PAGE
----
The poor and downtrodden, the very people socialists claim to champion, are leading Venezuela's march ..  against socialism.  Both the Washington Post and Reuters see it as a turning point.

This would be the same socialism that has justified its lost freedoms, its expropriation of property, its redistribution of income and its tolerance of a government elite ... because it's to help the poor. The left defends this socialism, whether it's Michael Moore, or Oliver Stone or Naomi Campbell - all because of socialism's supposed good intention to help the poor.

Today, the poor are banging pots and throwing eggs at the hated regime. The Post notes in its piece on the new development, citing the man who brought Venezuela to its shambles, the late Hugo Chavez:

Chávez, a master showman who promised his country a socialist “revolution,” loved to wade through crowds of poor Venezuelans, blowing kisses and dispensing hugs. But when his successor has ventured out in public in recent months, he’s been pelted with eggs and chased by angry mobs. 

“Maduro is so different,” said Irene Castillo, 26, who lives in El Guarataro, a tough neighborhood not far from the presidential palace. She voted for Maduro in 2013 when Chávez died after 14 years in power. But no one on Castillo’s block supports the government anymore, she said. “Now, those who remain ‘chavistas’ are just the radicals.”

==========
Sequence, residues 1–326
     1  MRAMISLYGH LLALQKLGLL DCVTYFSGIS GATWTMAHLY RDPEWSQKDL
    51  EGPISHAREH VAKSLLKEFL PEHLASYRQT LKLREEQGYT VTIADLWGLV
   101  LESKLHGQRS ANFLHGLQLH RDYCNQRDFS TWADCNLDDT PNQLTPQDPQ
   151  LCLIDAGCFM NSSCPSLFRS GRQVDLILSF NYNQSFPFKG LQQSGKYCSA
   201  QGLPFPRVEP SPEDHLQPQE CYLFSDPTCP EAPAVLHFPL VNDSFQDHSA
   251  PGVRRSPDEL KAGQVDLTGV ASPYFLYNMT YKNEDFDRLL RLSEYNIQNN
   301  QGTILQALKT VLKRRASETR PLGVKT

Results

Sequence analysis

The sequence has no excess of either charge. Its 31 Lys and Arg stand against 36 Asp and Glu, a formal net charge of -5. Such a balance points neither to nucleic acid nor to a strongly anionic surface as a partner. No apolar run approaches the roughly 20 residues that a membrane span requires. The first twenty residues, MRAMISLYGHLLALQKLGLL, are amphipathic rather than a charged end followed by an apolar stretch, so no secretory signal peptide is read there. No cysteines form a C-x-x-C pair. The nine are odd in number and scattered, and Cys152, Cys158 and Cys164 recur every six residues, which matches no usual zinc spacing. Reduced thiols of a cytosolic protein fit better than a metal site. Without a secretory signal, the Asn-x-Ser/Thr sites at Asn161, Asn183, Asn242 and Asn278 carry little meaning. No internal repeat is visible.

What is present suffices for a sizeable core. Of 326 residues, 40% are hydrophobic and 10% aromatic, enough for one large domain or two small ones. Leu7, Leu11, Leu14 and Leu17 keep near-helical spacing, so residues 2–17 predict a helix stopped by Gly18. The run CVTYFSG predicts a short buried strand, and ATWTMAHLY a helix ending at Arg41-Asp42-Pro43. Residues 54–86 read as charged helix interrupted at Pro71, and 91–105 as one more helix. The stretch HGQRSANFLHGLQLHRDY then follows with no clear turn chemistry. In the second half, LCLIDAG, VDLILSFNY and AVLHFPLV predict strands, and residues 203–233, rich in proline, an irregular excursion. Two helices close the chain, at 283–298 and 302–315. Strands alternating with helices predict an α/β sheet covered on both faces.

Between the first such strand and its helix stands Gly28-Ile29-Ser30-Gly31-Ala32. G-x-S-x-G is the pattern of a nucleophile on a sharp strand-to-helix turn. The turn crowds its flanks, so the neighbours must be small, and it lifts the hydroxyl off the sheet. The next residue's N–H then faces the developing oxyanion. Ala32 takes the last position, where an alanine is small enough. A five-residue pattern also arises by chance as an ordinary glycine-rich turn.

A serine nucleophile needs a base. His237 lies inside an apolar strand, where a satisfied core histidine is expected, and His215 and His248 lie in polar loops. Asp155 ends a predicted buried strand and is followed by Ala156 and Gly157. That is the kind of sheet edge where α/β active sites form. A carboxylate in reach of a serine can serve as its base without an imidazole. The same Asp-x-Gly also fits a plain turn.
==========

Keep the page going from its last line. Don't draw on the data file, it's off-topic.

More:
Like the lady said, all that are left now are 'just radicals.'

Her remark underlines that socialism has never been about helping the poor. Capitalism is what helps the poor, any Cato study can show this, or the experience of Chile, which successfully transitioned from socialism to capitalism provides the proof of the pudding. A look at China since its economic reforms beginning in 1976 shows the reality, too. Socialism is about empowering an elite and taking over every single facet of the poor and powerless' lives, all in the name of 'helping them.'.

It's true that the poor and indigent have often voted for socialists in the name of free stuff. But it leads them to grief, destroying every chance possible of climbing out of poverty so long as socialism is in the saddle. Chavez brought socialism to Venezuela but he left the poor worse off than ever. At the same time, his own surviving family members remain billionaires (Chavez's daughter Maria Gabriela is Venezuela's richest woman), and his Castroite patrons over in Cuba, remain grotesque plutocrats.

As for the poor, they are left with just protest as their weapon and that comes at considerable risk and brutality. The Post reports:

But Venezuelans from longtime chavista strongholds are starting to join them, at considerable risk. Residents of Castillo’s neighborhood protested openly against Maduro for the first time last week.

Pro-government block captains in neighborhoods like El Guarataro have responded by threatening to deny food rations to those who march with the opposition or fail to join pro-Maduro rallies. Militia groups armed by the government and known as “colectivos” are deployed to intimidate would-be defectors and are suspected in the deaths of several protesters. 

The Post notes that those were the ones still strong enough to protest, or the ones not to preoccupied looking for food. Any questions as to what socialism fails every time looks like/ We hope the Post is right that this really is a turning point.